92 years of economic insights for Indiana

The IBR is a publication of the Indiana Business Research Center at IU's Kelley School of Business

Anderson and Muncie

Bureau of Business Research, Ball State University, Muncie

The last decade has not produced good economic results for Anderson and Muncie. Like most of Indiana, both of these regions failed to keep pace with national growth beginning in the mid-1990s and continuing through the most recent recession; but these counties suffered a performance gap that was especially severe. NAICS-based employment and earnings records from the Quarterly Census of Employment and Wages (formerly known as ES-202 data) were made available in October that allow us to track economies back to 1990. What they show us in east central Indiana is not very pretty.

There has been a general downward trend in payroll employment of business establishments in Delaware County (the Muncie metro area) and Madison County (the Anderson metro area) since the mid-point of the last decade, as depicted in Figure 1. For the Muncie economy, the downturn came on the heels of a period of very strong net hiring in the first half of the decade. Yet the long duration of the job slump, together with an increased rate of job loss during the recent recession, have brought employment totals down to just a fraction above where they stood in 1990.

Figure 1
Metro Area Employment Since 1990

Figure 1

Anderson’s downturn was even more severe. Its growth in the first half of the 1990s was much less pronounced, and the pace of its job loss during the latter half was more severe. As a result, Madison County firms employed about 4,300 fewer workers in 2003 than were on payrolls in 1990, a contraction of 9 percent.

The losses were especially large in manufacturing. In 1996, there were 9,000 workers employed in just one manufacturing industry—transportation equipment—in Madison County. In 2003, that same industry employed just 4,500 workers. That mirrors the slide in total manufacturing employment in Anderson, shown in Figure 2, which fell from 16,000 workers in 1990 to just half of that total fourteen years later.

Figure 2
Manufacturing Employment Since 1990

Figure 2

The experience of Muncie’s manufacturing sector was only slightly better. After hovering between 10,000 and 11,000 workers until 1997, the closings and setbacks of that year precipitated a pattern of decline that has continued to the present. In 2003, Delaware County manufacturing payrolls dipped below 8,000 jobs for the first time.

Establishment survey data (CES) is available for the Muncie metro only (due to its MSA status) and show this decline continuing through 2004. The most recent numbers put October 2004 manufacturing employment at just 6,700 jobs, down 11 percent from 2003.

Causes and Consequences of the Economic Declines

It is difficult to know with certainty what these disappointing results can be attributed to. Although Anderson and Muncie’s manufacturing job losses were among the worst in the state, they took place in a period when almost 20 percent of factory jobs were eliminated nationwide. Despite this, in the national economy, there was significant job growth.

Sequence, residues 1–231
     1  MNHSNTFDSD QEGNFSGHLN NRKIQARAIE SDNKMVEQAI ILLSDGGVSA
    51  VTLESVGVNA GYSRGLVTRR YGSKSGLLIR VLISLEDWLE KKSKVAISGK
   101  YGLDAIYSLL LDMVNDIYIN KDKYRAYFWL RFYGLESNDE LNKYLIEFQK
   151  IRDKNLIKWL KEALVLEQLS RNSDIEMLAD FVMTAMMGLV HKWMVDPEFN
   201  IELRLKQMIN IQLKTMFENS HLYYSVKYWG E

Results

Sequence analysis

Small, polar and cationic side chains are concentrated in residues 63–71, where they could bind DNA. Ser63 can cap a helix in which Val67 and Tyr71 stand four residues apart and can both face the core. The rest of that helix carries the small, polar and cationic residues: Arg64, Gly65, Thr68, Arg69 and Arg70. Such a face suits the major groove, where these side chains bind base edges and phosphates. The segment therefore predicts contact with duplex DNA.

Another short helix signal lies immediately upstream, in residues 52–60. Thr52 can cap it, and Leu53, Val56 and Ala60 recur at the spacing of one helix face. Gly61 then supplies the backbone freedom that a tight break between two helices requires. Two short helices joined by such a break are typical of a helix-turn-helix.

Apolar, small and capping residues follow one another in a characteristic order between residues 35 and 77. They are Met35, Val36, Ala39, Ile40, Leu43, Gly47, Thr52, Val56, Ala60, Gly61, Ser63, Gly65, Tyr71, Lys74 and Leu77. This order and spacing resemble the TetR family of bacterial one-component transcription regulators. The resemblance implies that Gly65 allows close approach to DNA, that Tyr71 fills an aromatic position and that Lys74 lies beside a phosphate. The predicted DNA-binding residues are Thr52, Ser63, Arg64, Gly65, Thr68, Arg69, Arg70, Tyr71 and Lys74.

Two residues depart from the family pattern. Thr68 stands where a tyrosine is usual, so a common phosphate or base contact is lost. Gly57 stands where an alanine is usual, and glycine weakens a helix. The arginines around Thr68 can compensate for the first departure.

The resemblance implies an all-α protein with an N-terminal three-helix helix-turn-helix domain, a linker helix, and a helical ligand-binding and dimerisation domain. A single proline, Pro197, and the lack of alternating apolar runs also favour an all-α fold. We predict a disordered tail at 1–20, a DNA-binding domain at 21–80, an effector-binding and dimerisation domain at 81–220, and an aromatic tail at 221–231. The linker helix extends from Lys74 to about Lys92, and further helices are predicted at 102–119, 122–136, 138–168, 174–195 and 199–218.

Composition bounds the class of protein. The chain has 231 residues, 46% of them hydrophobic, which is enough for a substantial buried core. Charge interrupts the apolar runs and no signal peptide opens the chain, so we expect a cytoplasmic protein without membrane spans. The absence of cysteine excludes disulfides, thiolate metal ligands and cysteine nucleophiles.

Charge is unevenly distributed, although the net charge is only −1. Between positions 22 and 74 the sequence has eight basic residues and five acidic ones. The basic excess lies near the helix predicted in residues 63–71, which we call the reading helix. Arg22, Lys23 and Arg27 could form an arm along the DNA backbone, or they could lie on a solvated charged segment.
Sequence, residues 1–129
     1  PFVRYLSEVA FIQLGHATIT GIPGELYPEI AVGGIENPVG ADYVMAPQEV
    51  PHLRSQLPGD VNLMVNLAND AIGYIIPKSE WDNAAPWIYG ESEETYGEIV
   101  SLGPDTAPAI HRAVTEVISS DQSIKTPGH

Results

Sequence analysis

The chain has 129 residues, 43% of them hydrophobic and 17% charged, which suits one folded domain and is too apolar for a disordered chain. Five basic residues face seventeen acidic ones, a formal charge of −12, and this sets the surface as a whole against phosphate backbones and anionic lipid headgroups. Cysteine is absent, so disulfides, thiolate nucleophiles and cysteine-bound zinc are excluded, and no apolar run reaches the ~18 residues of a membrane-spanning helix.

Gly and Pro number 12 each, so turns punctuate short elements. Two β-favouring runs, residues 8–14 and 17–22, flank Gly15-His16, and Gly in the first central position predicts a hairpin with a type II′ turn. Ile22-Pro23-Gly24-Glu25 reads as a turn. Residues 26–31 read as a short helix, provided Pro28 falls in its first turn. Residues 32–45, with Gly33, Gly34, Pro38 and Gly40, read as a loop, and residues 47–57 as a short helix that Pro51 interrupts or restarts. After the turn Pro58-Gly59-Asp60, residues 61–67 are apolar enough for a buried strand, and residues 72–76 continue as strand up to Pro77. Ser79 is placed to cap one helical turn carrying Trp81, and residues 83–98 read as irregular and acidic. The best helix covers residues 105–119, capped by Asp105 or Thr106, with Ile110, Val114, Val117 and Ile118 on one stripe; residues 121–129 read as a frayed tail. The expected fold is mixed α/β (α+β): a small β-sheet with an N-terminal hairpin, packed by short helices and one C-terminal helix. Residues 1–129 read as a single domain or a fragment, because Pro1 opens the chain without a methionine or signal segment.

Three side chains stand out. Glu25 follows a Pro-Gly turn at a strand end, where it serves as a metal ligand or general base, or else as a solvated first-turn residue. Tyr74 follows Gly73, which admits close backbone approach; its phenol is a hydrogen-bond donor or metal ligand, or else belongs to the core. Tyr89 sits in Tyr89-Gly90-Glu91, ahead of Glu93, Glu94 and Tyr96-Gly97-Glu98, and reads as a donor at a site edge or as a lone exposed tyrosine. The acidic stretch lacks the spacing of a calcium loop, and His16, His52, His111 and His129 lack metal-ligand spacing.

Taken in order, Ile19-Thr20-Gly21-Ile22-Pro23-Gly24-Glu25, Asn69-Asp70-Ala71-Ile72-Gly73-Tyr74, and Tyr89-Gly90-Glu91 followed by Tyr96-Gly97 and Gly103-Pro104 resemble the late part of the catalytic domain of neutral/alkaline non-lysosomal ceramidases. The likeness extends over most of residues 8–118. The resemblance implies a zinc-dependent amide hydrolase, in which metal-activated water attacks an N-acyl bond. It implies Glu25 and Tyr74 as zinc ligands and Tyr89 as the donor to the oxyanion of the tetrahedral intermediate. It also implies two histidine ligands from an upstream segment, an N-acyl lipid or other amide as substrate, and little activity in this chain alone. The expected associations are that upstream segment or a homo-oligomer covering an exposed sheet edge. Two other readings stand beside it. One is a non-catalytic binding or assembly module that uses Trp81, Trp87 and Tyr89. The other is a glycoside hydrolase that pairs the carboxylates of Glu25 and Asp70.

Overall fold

Thus, the search for answers to the problems that have challenged the Anderson and Muncie economies over the past ten years should seek not only to understand why manufacturing jobs have declined, but also why there were not enough nonmanufacturing jobs created to replace them.

A glance at the population profiles produced by the 2000 Census provides some insights. The educational profile of the adult population in both Anderson and Muncie reflects the lower educational requirements of a traditional manufacturing base (see Figure 3). Within their respective city limits, more than one out of every five adults in Anderson and Muncie do not have a high school diploma.

Figure 3
Educational Attainment in Muncie and Anderson, Census 2000

Figure 3

At the other end of the spectrum, Madison County has fewer college graduates than the state average, and Delaware County has fewer than what one would expect since it is home to a large university. Given the emphasis on training and education in the higher-paying service industries, labor force development will be a key part of future economic success.

The Outlook for 2005

The rebound of manufacturing in the national economy through the first three quarters of 2004 gives some hope that the declines in factory employment suffered by Anderson and Muncie will soon come to an end. The decline of the dollar, the surge in corporate profits, and the revival of business spending at least provide an environment in which a reversal of these unfortunate trends can take place.

But three years beyond the official end point of the 2001 recession, no positive sign of an end to that decline has been reached. Until the economic base of these two counties transforms itself to take better advantage of growth opportunities outside of manufacturing, the most likely outcome is a continued decline in the coming year.